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As time passes Iran is becoming increasingly creative in its methods of avoiding Western sanctions and this creativity has enabled it to keep its revenues from exported petroleum products at a reasonably high level.
When European oil and shipping insurance sanctions took effect in July Iran’s crude exports more than halved as customers began to cancel their contracts, however since then, thanks to the innovative methods of Gulf-based middlemen, sale have rebounded to decent levels.
Salar moradi, an oil analyst at FACTS Global Energy, said that, “the National Iranian Oil Company has been very successful in finding new strategies to circumvent sanctions and sold its fuel oil to Asia in August and September. Now we think Middle Eastern buyers of Iranian fuel oil have reappeared.”
A common method that Iran uses to dodge sanctions is to work in partner with Gulf-based oil traders who are working as middlemen for buyers who have no idea that the product is from Iran.
Related Article: How Bad do Sanctions Really Hurt Iran?
Using ship-to-ship transfers; loading and unloading at quiet, remote ports; and blending the Iranian fuel oil with other fuels, has become a popular tactic for disguising the source of origin.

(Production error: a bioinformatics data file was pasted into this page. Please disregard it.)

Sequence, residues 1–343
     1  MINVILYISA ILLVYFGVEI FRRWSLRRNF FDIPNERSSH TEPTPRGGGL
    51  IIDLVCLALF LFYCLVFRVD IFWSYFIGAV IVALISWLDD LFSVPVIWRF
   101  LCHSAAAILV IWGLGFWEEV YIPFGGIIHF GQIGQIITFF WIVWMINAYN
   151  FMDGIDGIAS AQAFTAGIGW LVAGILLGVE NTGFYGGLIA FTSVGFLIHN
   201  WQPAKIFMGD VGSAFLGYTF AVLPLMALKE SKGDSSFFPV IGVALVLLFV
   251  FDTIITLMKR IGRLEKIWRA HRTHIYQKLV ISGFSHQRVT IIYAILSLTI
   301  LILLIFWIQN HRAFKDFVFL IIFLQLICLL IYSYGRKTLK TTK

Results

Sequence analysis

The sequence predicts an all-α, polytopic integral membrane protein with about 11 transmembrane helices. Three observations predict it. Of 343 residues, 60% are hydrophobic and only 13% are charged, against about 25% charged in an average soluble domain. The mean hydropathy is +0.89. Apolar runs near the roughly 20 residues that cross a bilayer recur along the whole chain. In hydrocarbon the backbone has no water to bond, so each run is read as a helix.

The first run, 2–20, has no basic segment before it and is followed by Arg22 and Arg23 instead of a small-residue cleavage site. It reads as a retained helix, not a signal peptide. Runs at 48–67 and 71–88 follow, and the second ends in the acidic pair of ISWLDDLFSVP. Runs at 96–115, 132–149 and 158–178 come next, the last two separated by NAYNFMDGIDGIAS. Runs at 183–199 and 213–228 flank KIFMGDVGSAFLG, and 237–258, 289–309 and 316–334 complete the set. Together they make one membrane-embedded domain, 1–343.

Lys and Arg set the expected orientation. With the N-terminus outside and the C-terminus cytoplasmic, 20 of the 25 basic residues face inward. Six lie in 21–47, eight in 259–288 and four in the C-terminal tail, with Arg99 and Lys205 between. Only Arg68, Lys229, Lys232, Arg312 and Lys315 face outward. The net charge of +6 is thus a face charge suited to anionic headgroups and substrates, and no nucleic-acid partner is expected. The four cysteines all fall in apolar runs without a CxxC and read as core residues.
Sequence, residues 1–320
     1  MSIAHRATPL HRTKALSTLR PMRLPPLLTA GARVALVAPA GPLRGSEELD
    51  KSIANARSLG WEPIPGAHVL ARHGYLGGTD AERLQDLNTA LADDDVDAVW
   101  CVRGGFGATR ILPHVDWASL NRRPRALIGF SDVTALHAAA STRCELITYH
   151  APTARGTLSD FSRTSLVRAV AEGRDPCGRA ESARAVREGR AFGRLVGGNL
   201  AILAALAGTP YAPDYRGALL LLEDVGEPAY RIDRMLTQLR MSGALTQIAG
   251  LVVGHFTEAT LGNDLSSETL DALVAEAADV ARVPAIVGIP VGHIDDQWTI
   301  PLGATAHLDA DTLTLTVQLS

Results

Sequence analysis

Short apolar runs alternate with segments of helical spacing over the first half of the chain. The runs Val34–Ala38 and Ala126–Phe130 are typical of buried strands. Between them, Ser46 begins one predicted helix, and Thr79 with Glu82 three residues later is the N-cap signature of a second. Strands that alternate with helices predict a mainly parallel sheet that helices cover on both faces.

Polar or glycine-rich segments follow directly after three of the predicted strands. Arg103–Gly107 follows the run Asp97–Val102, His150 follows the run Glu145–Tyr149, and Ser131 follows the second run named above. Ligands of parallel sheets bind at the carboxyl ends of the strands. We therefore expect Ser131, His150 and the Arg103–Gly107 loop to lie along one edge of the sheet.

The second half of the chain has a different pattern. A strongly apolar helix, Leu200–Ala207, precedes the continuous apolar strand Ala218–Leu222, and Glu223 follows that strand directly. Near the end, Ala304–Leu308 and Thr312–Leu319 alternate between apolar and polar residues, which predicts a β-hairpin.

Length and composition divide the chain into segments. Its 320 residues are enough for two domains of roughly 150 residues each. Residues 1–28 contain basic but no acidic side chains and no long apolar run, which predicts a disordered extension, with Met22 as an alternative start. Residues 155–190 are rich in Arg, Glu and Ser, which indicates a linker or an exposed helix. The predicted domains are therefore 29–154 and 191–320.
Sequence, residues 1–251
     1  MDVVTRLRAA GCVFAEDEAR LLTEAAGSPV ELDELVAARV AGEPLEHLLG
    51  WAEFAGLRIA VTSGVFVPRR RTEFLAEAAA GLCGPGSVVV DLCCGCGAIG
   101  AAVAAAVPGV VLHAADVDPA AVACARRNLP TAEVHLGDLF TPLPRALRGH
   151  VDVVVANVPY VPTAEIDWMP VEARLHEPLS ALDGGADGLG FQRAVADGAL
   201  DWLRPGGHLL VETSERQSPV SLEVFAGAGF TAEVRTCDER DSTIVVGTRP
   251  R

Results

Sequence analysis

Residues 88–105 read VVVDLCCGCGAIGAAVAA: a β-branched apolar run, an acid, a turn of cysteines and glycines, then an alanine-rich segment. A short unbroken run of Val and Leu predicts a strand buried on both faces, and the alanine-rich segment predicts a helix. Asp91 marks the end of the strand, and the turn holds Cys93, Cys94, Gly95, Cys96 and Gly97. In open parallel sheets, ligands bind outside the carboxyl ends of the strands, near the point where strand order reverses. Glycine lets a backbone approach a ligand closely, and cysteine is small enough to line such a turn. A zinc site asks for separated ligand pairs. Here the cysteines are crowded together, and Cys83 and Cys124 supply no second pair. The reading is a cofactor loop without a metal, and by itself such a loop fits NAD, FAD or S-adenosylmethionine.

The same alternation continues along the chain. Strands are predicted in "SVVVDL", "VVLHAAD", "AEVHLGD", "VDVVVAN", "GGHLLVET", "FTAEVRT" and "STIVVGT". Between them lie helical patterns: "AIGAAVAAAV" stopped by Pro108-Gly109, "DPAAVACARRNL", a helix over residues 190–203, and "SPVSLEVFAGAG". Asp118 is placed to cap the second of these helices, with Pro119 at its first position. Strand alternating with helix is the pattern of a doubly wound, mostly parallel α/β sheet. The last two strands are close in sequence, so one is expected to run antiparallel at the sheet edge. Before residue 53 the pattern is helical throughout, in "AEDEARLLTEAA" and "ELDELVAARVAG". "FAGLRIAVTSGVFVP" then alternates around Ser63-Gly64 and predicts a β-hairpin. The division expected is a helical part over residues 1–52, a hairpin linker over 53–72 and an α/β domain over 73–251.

Several Middle Eastern traders, have admitted that they have been approached by small UAE-based companies trying to sell them fuel oil that includes a mix of several different fuel oil blends from around the Middle East, or Iraq, and has been dubbed as ‘Iraqi Special Blend.’ The fuel oil cocktail is usually blended in storage tanks and then sold from the quiet Gulf port of Hamriyah, and the bunkering hub Fujairah, where it is then handed over to the buyer via a ship-to-ship transfer.
An anonymous Middle Eastern trader stated that, “this Iranian fuel oil, disguised as Iraqi origin, has been flooding the market in Fujairah and depressing both cargo and bunker premiums in September.”
Disguising the Iranian fuel oil as Iraqi has proven to be a good cover story due to the small volume of Iraqi oil that is actually smuggled over the border and out of Iranian ports anyway. A senior official at a Swiss trading house explained that, “some fuel oil does come out of Iraq overland smuggled in trucks. I imagine that some of the Iranian volumes may be piggy-backing on this trend.”
By. James Burgess of Oilprice.com
James Burgess studied Business Management at the University of Nottingham. He has worked in property development, chartered surveying, marketing, law, and accounts. He has also…